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Lecture

Poli Sci 2300- Britain


Department
Political Science
Course Code
POLI 2300X
Professor
Peter Arthur

Page:
of 4
Friday, October 8, 2010
Britain
Political System
British governments personality:
oConstitutional monarchy
oUnitary system
oFusion of the executive and the legislature cabinet ministers – members of
Parliament
oParliament is sovereign – impact of EU
oResponsible government – Cabinet is responsible to the Parliament
Cannot make decisions without support of Parliament
oMember of the EU
Constitution
Not codified
“Can be more abstract, consisting of laws and customs, conventions; same as the
written one”
Constitutional principles come from:
oStatue law (acts of Parliament)
oCommon law (British courts judgments) -
oEuropean law (e.g., trade, agriculture, environment)
oCustoms and conventions (don’t have force of law)
oCommentaries (e.g. A Dicey)
oSupports of unwritten constitution – greater flexibility
oOpponents – potential for abuse of power by strong PMs
oGrowing support for written constitution
Monarchy = Rule By One
Britain has been a monarchy for centuries (except for 1639-1660)
Position by birth or hereditary – British kings and queens had monopoly over
state political power
Now, monarchy is a ceremonidal head of state
Monarch reigns but does not rule
Power of Monarch (Queen Elizabeth II) is limited to:
oCalling new elections – If the Parliament loses confidence in PM/Cabinet
oThe power of veto
oConferring with the PM
oForming a government
oAddress to Parliament (annual State Opening of Parliament)
oSymbol of state
The Queen is popular but public support of monarchy has slipped
The Executive – The Prime Minister and Cabinet
PM is the head of government providing policy leadership and ensuring policy
implementation through the cabinet
Formal – PM sets national political agenda, oversees the military, leads his party
Informal – PM becoming very powerful
The Prime Minister
The authority of the PM
oPower to call elections to the HoC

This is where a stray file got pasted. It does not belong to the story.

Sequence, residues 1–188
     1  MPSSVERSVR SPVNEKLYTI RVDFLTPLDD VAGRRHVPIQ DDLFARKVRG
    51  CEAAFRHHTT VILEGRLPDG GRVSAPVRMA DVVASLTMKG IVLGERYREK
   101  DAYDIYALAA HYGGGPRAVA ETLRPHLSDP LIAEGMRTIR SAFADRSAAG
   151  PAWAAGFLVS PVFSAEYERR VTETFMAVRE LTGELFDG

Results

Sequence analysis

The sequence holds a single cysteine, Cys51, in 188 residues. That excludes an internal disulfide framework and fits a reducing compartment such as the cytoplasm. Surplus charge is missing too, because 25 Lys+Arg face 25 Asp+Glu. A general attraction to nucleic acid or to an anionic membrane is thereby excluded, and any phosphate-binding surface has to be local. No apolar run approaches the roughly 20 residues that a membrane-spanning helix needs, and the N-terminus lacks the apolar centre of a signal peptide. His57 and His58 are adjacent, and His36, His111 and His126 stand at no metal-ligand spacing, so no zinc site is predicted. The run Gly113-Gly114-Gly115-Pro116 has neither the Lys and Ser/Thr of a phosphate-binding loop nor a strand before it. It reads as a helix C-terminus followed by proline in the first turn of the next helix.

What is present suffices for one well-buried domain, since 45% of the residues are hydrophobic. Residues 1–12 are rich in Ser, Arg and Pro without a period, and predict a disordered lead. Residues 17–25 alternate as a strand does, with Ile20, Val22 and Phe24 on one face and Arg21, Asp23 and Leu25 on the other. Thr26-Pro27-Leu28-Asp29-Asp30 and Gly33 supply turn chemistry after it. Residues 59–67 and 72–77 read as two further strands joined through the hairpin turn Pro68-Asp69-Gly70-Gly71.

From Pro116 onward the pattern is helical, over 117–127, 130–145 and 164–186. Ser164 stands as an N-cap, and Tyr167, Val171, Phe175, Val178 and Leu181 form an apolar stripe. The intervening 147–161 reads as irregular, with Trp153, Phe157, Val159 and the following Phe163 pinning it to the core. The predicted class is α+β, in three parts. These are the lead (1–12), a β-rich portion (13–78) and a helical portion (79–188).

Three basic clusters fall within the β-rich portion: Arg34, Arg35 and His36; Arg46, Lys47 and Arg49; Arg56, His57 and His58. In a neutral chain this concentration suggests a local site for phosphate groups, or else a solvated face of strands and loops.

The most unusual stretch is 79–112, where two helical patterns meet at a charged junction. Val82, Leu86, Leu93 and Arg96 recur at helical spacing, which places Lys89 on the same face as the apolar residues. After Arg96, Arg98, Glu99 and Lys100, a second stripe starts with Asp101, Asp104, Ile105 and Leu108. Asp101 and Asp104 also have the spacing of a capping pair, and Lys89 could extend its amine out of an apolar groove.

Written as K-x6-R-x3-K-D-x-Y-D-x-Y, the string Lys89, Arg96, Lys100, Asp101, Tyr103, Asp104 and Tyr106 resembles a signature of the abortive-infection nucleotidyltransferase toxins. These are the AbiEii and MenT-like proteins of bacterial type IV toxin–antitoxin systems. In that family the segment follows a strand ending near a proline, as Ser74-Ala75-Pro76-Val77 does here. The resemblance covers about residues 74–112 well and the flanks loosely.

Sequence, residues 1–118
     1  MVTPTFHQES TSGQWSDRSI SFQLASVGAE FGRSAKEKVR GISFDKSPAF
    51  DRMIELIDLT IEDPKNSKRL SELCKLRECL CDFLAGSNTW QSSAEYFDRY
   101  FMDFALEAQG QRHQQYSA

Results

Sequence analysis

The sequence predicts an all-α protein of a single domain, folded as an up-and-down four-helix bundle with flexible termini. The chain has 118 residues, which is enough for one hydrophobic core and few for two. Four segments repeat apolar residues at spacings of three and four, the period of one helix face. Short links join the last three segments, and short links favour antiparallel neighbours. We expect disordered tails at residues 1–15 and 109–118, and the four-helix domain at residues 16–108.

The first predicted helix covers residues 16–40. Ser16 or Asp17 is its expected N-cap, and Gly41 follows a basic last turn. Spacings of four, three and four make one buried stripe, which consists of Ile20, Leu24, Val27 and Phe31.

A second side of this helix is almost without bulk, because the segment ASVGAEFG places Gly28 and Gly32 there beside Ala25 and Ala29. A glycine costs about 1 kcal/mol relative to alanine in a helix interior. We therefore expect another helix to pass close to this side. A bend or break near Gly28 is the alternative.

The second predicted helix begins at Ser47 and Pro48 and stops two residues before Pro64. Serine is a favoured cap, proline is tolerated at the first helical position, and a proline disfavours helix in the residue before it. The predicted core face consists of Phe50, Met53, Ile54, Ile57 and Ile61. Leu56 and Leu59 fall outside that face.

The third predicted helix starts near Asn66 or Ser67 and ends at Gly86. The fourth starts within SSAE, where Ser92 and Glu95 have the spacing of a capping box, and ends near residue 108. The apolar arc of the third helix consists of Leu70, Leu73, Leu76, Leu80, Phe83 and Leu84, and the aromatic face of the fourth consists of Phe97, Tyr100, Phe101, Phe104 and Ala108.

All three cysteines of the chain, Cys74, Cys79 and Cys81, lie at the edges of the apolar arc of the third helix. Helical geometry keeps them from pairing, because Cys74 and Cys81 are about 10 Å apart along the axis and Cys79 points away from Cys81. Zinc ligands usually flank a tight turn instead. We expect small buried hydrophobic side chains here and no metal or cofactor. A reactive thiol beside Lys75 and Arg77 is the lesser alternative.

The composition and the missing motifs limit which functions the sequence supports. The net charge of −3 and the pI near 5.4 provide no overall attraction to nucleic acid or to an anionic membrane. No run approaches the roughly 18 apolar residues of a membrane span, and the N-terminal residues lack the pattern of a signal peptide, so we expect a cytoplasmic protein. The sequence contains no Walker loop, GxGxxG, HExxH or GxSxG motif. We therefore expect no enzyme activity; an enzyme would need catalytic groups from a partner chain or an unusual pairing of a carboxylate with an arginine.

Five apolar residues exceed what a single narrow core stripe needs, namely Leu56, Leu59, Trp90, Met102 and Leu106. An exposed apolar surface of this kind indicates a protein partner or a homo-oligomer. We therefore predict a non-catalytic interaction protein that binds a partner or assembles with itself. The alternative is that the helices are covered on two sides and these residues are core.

oPower of appointment
Cabinet Government
oMembers appointed from within the Parliament
Cabinet – testing ground for aspirant PMs
Collective Responsibility – core of the cabinet government
Ministerial responsibility
oIndividual ministerial responsibility – management of own department,
responsibility to cabinet and legislature
oCollective ministerial responsibility
Vote of confidence is vital – losing confidence expedites resignation of the
cabinet
Wednesday, October 13, 2010
Legislature
British Westminster Model – followed in many countries with parliamentary form
of government
Three functions of British Parliament:
oLaws introduced, discussed, either rejected or approved
oAmending existing laws
oChecking and debating government policies
In majority situation, PM is too powerful because of party discipline,
backbenchers cannot do much. Cabinet
Branches unelected – undemocratic, irresponsible
Upper House – House of Lords, Lower House – House of Commons
House of Lords
Upper house: members either hereditary or appointed for life term
Less powerful body – its decisions can be overruled by the Commons
Unrepresentative and undemocratic
1999: PM Blair appointed Wakeham Commission
Recommendations
oAll appointed or fully elected
No political agreement making its future unclear
Four kinds of members:
oLife peers (appointed by the Queen on PM recommendations)
oLaw lords (12 nominated judges function as Supreme Court of appeal)
oReligious leaders (archbishops of Centerbury and York I& 24 bishops of
the Church of England)
oHereditary peers (number reduced to only 92)
This commission suggested transfer of function of law lords to a new Supreme
Court
October 2009, this was implemented separating the Supreme Court from the
government and parliament
House of Commons (HOC)
HoC – more powerful compared to the Lords and the Crown because it’s elected
(650 members)
Three main functions:
oExercises legislative power in Britain by passing laws
oProvides finances for the state by authorizing taxation
oReviews and scrutinizes public administration and government policy
(making PM accountable)
Speaker in the HoC – neutral arbitrator
Party discipline is stricter in British system = backbenchers rarely oppose their
party positions
Interesting fact – “Leader of opposition and the shadow cabinet formally
recognized and salaried positions”
Party revolts normal – Margaret Thatcher lost leadership of her party
Judiciary
Judicial review – not done the way we see in the US
Octobner 2009 – Supereme Court set up with 12 members of the Law Lords
A commission is supposed to appoint new members as vacancies arise
European Court of Justice – “developing relations with the British gov’t as the US
CS has with state government”
oAct as a final court of appeal on matters of European law
Subnational Government
Britain: Unitary state; local government has no independent power